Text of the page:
Introduction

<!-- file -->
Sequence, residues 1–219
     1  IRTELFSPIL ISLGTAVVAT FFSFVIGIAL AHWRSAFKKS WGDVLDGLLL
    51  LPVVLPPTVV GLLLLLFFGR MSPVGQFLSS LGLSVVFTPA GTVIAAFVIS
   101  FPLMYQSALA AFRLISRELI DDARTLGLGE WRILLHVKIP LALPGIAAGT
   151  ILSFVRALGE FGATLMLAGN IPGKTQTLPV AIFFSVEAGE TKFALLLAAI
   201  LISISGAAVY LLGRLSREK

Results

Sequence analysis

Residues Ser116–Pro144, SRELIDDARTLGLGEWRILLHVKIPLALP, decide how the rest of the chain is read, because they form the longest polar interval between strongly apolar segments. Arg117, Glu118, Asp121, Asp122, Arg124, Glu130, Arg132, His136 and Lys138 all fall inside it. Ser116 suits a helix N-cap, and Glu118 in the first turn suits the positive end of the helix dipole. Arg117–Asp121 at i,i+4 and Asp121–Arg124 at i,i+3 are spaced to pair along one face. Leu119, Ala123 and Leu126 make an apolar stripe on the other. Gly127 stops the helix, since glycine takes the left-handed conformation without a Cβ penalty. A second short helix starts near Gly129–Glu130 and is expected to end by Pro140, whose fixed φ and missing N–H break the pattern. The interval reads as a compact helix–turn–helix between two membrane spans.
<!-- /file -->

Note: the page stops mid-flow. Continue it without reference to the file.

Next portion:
X and Y chromosomal aneuploidies (the presence of an abnormal number of sex chromosome) are among the most common human whole-chromosomal copy number variations, with an estimated incidence in the general population between 1 in 400 to 1 in 1,000 [1,24] for each of the sex chromosome syndromes, with complex aneuploidies occurring far less frequently [5]. However, differences exist between newborn incidences and prenatal and adult incidences [68]. The population-based incidence and prevalence of the sex chromosomal aneuploidies (SCA) in the general adult population continue to be unclear. For example, prenatal incidence estimates vary for 47,XXY from between 1 in 500 [9] to 1 in 1,500 [2]. Women of advanced maternal age are more likely to receive prenatal testing, and since the probability of having an XXY child increases with maternal age, there may be an over representation of 47,XXY in prenatally diagnosed populations [2]. In postnatally diagnosed men, the prevalence of 47,XXY is reported to be 1 in 2,500 [2]. It is estimated that <10% of 47,XXY males are diagnosed before puberty, and <25% are ever diagnosed [10]. Additionally, only ~10% of 47,XXX girls are ever diagnosed [1]. Conversely, the majority of 45,X cases are diagnosed, though typically not until adulthood [11]. 45,X is a variety of monosomy, while the 47-chromosome karyotypes are trisomies. Monosomy and trisomy, respectively, refer to instances where 1 or 3 copies of a particular chromosome are present instead of the expected 2. Uniparental disomy (UPD) refers to when the expected 2 copies of a chromosome are present, but were both received from the same parent, rather than 1 from each.